Died on the morning of this Monday, (6/9), at the age of 76, the pianist Joo Carlos Assis Brasil. Versatile and unprejudiced musician, he dedicated himself so much to the call universe erudite how much Brazilian music. In this way, he showed how the border between these two worlds is less rigid than one imagines. And he left reference recordings by authors such as Ernesto Nazareth and Villa-Lobos, central to our perception of national repertoire.
Assis Brasil began his career in the mold of the classic pianist. In 1965, he took third place at the Beethoven International Competition in Vienna, Austria, taking third place. In the city, he took the opportunity to improve with professors Richard Hauser and Dieter Weber, also playing with the Vienna Philharmonic.
His experience in Austria opened the door to a circuit of presentations in important venues such as London’s Wigmore Hall, Vienna’s Brahms Room or the Meneghine Family auditorium in Milan. There are only three of the theaters in which he established himself as a recitalist throughout the 1970s.
In the following decade, however, its trajectory would become even wider. Back in Brazil, his contact with pianist Clara Sverner, who is also a musician fond of combining repertoire, made him begin to systematically interpret Brazilian authors who, until then, were seen as minor chapters of the country’s music.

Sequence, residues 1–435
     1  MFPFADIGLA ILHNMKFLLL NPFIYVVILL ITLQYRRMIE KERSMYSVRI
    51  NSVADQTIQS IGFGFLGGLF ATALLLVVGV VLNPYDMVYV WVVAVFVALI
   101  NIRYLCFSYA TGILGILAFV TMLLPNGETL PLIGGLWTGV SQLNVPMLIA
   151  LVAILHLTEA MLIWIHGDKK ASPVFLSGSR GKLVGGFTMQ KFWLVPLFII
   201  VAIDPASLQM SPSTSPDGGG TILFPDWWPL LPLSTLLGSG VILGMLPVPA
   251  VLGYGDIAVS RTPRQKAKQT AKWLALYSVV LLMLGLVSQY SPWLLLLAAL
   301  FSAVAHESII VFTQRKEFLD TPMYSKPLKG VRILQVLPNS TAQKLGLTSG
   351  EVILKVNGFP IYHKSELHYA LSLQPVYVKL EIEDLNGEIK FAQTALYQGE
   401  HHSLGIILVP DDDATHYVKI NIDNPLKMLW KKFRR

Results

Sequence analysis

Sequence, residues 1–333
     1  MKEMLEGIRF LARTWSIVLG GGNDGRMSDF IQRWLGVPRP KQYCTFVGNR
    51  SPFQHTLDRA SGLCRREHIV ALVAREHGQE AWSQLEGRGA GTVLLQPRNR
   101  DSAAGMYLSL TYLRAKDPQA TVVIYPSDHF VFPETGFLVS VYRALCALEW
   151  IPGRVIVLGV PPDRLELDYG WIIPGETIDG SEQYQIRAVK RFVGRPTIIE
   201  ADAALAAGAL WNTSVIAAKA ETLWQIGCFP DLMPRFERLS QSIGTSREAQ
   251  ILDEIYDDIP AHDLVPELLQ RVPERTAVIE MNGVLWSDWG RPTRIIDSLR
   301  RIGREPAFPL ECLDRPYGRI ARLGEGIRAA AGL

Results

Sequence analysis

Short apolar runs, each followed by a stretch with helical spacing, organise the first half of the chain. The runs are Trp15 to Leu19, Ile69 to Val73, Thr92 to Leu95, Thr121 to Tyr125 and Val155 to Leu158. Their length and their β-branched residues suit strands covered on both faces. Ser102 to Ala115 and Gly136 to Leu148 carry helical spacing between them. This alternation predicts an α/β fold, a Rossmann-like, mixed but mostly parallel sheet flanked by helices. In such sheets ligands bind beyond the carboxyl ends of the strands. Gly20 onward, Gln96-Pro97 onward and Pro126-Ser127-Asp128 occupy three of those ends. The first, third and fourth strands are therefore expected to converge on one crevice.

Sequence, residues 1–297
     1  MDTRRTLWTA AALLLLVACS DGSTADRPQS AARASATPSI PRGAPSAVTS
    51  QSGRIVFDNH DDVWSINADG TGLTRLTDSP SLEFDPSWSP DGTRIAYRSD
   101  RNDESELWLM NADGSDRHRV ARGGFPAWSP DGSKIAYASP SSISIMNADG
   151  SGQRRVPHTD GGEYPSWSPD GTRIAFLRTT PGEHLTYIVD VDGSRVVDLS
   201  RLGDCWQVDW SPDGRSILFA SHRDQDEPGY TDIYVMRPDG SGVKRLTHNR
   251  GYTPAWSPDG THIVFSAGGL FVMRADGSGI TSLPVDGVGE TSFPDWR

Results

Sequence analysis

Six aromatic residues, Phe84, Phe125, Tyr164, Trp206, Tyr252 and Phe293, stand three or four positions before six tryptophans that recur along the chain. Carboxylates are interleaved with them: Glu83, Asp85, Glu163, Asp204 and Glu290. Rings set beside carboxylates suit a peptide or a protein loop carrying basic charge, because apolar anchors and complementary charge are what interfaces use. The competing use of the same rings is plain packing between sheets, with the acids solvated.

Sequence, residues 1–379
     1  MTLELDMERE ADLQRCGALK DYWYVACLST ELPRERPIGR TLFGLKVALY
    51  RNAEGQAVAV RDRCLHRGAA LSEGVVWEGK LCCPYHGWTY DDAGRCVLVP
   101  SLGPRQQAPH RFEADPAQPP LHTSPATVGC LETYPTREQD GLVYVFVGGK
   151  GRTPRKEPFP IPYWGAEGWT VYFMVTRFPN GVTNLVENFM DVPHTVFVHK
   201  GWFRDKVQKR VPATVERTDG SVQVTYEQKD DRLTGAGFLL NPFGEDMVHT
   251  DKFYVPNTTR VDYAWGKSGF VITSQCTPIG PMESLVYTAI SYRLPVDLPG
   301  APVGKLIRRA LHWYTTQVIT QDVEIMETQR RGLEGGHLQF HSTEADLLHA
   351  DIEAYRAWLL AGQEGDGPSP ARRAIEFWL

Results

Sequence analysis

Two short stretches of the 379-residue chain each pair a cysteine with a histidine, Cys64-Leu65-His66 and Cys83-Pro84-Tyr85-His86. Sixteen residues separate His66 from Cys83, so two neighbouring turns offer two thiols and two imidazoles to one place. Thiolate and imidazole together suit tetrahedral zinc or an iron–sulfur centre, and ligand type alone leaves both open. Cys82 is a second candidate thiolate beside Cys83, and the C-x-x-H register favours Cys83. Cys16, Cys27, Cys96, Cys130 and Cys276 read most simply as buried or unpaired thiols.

Among them, an important highlight was Ernesto Nazareth. Looking at his work was actually a gateway to a reassessment of the entire period of the so-called Belle poque in Rio, at the beginning of the 20th century.
It was then that authors such as Nazareth and Chiquinha Gonzaga not only established elements of a Brazilian piano school, but also showed the possibilities of combining the erudite and the popular, which a little later would influence composers such as Heitor Villa-Lobos.
This broad look at musical creation was not limited to Brazilian music. In 1982, he and Clara Sverner recorded an album in which they brought together works by Scott Joplin, the American composer responsible, among other things, for the development of ragtime, and Erik Satie, an avant-garde French author whose miniatures proposed a reassessment of the use of the piano. within the context of the first half of the 20th century. The two also collaborated on an album with works by Gershiwn, Ravel and Faur.
At the same time, Assis Brasil began his work with jazz. In 1980, he founded, with Zeca Assumpo (bass) and Cludio Carib (drums), the Joo Carlos Assis Brasil Trio, which would later feature the participation of David Chew (cello) and Idriss Boudrioua (sax).
She also started performing with artists such as Maria Bethnia, Zizi Possi, Alade Costa, Olvia Byington and Ney Matogrosso. And he was a soloist in concerts with the Rio de Janeiro Municipal Theater Symphony Orchestra, the Brazilian Symphony Orchestra, the Porto Alegre Symphony Orchestra and the So Paulo State Symphony Orchestra, conducted by Eleazar de Carvalho and John Neschling, between other conductors.
His discography has outstanding pieces, such as All pianos, Villa-Lobos by Joo Carlos Assis Brasil and Self Portrait (with works by his brother, Vitor Assis Brasil).